Image Source: Cultura Oriental.

After the first guest took a sip of the tea, he must wipe the bowl using a kaishi and pass it to the next person. This is to ensure the cleanliness of the tea bowl. When the last guest has finished drinking the tea, he will return the bowl to Shokyaku. Shokyaku will ask the guests if they would like to drink more. If the guests said no, Shokyaku will check the condition of the bowl before turning it to the host. He must place the bowl the same way the host presented it to him. Lastly, the host will clean up the tea ceremony and the utensils.

Image Source: Ever in Transit.

Drinking the tea during the ceremony requires a little bit of grace as one needs to sip instead of gulping. Some tea ceremony might reach up to four hours, depending on the number of guests. Before leaving the room, bow and give thanks to the Teishu for hosting the tea ceremony.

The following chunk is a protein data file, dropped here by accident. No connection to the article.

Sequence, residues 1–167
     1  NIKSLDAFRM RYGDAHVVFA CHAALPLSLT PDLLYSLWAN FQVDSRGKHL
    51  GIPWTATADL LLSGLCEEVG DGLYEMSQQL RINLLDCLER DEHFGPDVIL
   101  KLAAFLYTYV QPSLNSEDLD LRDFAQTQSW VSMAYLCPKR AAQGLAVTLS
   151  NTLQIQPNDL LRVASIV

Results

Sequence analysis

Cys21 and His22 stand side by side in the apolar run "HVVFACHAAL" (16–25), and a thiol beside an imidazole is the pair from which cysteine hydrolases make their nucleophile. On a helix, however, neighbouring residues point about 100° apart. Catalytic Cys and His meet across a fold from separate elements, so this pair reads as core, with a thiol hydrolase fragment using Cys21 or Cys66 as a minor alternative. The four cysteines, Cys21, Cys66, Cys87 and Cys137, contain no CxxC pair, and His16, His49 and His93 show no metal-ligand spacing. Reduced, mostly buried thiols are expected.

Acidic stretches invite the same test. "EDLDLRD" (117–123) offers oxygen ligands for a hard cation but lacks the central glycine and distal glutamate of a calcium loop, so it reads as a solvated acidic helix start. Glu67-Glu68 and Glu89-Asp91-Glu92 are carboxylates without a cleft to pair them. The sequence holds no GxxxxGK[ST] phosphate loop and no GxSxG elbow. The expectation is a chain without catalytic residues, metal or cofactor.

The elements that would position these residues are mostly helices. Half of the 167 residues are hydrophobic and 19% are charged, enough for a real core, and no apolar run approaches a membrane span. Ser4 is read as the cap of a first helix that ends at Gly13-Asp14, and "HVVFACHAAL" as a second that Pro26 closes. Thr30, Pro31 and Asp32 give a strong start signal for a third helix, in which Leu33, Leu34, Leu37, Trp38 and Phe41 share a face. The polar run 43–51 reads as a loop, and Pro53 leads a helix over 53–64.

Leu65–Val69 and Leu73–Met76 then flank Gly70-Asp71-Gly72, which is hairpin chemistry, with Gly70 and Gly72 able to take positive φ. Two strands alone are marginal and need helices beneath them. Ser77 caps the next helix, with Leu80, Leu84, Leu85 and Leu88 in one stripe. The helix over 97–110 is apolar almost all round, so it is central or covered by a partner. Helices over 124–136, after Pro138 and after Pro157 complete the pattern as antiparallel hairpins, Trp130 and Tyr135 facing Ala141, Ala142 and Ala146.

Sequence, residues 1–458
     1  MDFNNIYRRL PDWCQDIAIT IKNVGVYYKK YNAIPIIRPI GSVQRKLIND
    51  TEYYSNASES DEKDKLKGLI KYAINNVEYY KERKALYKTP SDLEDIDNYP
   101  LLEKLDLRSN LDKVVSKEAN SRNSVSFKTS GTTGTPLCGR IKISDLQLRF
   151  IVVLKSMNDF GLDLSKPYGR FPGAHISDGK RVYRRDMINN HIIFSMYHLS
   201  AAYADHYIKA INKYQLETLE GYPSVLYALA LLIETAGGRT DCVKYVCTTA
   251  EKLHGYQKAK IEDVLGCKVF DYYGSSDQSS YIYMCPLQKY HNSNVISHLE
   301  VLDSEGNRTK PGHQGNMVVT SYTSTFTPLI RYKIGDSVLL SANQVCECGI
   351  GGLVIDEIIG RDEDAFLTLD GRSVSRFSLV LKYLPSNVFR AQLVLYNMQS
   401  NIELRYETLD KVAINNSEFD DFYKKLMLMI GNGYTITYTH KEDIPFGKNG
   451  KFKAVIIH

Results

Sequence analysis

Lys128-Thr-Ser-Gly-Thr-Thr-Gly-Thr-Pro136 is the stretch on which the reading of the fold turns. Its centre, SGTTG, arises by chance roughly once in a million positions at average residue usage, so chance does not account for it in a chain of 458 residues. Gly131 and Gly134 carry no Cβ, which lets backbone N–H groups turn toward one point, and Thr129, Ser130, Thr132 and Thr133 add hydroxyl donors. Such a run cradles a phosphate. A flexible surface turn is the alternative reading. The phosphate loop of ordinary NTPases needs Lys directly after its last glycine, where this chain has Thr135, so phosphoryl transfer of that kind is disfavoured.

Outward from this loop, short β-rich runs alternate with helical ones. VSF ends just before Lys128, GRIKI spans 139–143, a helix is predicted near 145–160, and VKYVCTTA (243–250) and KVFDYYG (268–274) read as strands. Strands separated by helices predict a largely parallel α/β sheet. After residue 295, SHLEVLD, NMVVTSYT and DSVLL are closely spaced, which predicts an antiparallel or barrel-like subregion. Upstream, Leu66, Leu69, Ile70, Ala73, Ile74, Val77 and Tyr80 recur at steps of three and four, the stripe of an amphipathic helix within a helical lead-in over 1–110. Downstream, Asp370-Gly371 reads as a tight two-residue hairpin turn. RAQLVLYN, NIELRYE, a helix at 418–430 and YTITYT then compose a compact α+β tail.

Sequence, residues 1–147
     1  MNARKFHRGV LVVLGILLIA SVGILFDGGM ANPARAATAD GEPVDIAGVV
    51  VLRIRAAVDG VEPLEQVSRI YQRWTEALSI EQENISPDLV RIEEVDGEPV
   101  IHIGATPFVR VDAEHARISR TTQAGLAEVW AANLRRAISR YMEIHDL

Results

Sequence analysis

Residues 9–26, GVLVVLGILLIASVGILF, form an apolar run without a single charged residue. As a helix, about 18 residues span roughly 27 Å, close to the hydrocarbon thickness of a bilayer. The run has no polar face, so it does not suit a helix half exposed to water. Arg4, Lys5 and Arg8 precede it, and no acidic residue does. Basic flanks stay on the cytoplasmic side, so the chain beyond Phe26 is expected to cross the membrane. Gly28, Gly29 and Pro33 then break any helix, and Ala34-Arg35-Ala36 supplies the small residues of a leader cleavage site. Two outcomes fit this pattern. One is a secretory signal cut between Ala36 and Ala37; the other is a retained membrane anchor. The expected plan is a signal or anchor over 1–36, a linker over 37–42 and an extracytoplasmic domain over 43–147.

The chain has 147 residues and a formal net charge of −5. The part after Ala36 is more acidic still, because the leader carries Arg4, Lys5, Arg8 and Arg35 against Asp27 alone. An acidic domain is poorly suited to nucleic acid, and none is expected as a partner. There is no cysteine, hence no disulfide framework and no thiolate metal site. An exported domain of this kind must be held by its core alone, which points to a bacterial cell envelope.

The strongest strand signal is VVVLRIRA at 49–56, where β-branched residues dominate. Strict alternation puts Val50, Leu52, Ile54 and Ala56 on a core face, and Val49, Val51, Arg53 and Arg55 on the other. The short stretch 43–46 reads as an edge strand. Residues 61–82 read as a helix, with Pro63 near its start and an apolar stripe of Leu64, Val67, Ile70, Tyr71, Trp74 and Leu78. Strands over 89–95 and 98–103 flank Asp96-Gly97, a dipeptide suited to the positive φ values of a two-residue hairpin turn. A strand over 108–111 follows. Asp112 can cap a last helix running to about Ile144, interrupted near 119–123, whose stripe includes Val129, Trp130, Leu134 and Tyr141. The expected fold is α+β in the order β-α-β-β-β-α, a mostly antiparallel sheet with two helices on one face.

Image Source: NewsWire.

Other than that, you can also partake in tea ceremony classes. At Kimono Tea Ceremony Maikoya Osaka, here you can wear kimono and learn the etiquettes for the tea ceremony. This place is highly recommended by tourists and it was awarded as the best tea ceremony venues by TripAdvisor. You can join several types of classes here like, tea ceremony and sweets making.

Image Source: Osaka Info.

Overall, the Japanese tea ceremony is suggested for tourists, especially. You’ll be able to learn Japanese etiquettes and the right manners during a formal occasion. It’s also good for your health and mind too as it cleanses your thoughts while in the tea room. Be a part of the Japanese tradition that has been going on for hundreds of years.

Kimono Tea Ceremony Maikoya Osaka

Address: 5F, 407-2 Shimomaruyacho (Kawaramachidori), Nakagyo-ku, Kyoto, Japan

Opening Hours: 10:00AM – 8:00PM

Contact Number: 050-6865-3691

Closest Train Station: Yotsubashi Station/Nishiohashi Station